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Subjects: Literature


Event
TitleSourceDescription
50th Anniversary Perspective on The Caine MutinyOffice of Public AffairsPulitzer-Prize-winning author Herman Wouk, CC '34, reflects on his masterpiece, The Caine Mutiny, 50 years after its publication. The book, which was made into an acclaimed movie, is an American classic with renewed relevance for today. This video is a rare opportunity to experience a piece of literature from the author's perspective. Wouk brings the passages of the book to life, and reveals new themes in the text.
From Olympus to Valhalla: How Greek and Norse Mythological Traditions Inspired Deity WorshipOffice of Public AffairsRichard Sacks, Professor of English and Comparative Literature, journeys into the world of the ancient gods. By comparing the ancient Greek and Norse mythological traditions, he gets to the heart of what inspired people to worship and revere these deities. In this Continuing Education lecture, Sacks explores important themes like divine power, destiny and creation and gives us a better understanding of the past, and perhaps ultimately of ourselves.
Herman Melville a Repository of the Dialectics of His TimeOffice of Public AffairsAccording to Andrew Delbanco, Julian Clarence Levi Professor in the Humanities, Hermann Melville was a "repository of the dialectics of his time," at once containing both "the yes and the no of their culture." "We are free to [interpret him as] the prose-poet of our national destiny, imagining a world of grateful converts to the political religion of liberal democracy, or to prefer the Melville who saw the ship-of-state sailing under lunatic leadership toward incalculable disaster for us and the world," said Delbanco in a lecture on April 10, 2003.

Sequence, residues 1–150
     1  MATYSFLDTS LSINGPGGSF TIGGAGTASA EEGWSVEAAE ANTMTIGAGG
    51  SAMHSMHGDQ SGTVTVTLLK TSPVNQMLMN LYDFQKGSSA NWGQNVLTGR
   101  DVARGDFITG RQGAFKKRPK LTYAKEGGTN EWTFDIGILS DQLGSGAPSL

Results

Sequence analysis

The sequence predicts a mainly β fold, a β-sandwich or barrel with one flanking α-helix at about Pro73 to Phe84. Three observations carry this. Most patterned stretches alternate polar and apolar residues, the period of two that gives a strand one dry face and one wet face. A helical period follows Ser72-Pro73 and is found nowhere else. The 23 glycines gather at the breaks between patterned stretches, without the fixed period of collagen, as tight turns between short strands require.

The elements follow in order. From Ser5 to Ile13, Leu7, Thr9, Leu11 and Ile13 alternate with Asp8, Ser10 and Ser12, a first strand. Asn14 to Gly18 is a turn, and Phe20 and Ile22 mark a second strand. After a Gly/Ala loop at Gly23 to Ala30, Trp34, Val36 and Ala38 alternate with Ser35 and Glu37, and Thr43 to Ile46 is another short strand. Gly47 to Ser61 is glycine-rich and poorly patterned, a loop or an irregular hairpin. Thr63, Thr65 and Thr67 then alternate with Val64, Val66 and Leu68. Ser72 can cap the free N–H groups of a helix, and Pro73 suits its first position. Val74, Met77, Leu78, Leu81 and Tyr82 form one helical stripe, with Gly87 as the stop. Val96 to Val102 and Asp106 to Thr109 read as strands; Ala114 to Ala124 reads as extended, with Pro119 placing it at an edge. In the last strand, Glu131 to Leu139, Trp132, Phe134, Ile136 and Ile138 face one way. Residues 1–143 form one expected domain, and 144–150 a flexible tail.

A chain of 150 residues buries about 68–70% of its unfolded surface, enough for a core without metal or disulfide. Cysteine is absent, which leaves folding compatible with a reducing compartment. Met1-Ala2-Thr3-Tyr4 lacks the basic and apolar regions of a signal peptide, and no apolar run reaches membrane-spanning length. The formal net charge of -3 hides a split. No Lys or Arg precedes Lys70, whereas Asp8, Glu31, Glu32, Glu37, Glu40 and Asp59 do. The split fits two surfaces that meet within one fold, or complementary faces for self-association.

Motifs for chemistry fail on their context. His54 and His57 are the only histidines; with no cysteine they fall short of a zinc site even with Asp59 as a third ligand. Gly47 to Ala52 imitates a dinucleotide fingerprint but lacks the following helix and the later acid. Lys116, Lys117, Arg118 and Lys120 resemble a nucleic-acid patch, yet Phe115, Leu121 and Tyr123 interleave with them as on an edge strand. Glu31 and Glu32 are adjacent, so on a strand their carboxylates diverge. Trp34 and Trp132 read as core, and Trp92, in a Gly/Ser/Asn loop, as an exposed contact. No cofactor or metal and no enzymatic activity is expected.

Maryse Conde Shares New MemoirOffice of Public AffairsThe PEN American Center Open Book Committee's celebration of the publication of Maryse Conde's new memoir, Tales from the Heart: True Stories From My Childhood, includes a reading by Conde in French and English. In an interview, Conde speaks in English about her childhood in Guadeloupe, the trials of assimilation into the French mother country from the French Caribbean, and her 12 years in West Africa.
Reading, Ethics and the Literary Imagination Are the Focus of Lionel Trilling SeminarOffice of Public AffairsThis Lionel Trilling Seminar focused on reading as a cultural activity, exploring the history of reading with emphasis on what was read in earlier periods and how it was read. Archived webcast of speakers Brian Stock, University of Toronto, Robert Darnton, Princeton University, and Thomas Flanagan, University of California at Berkeley.

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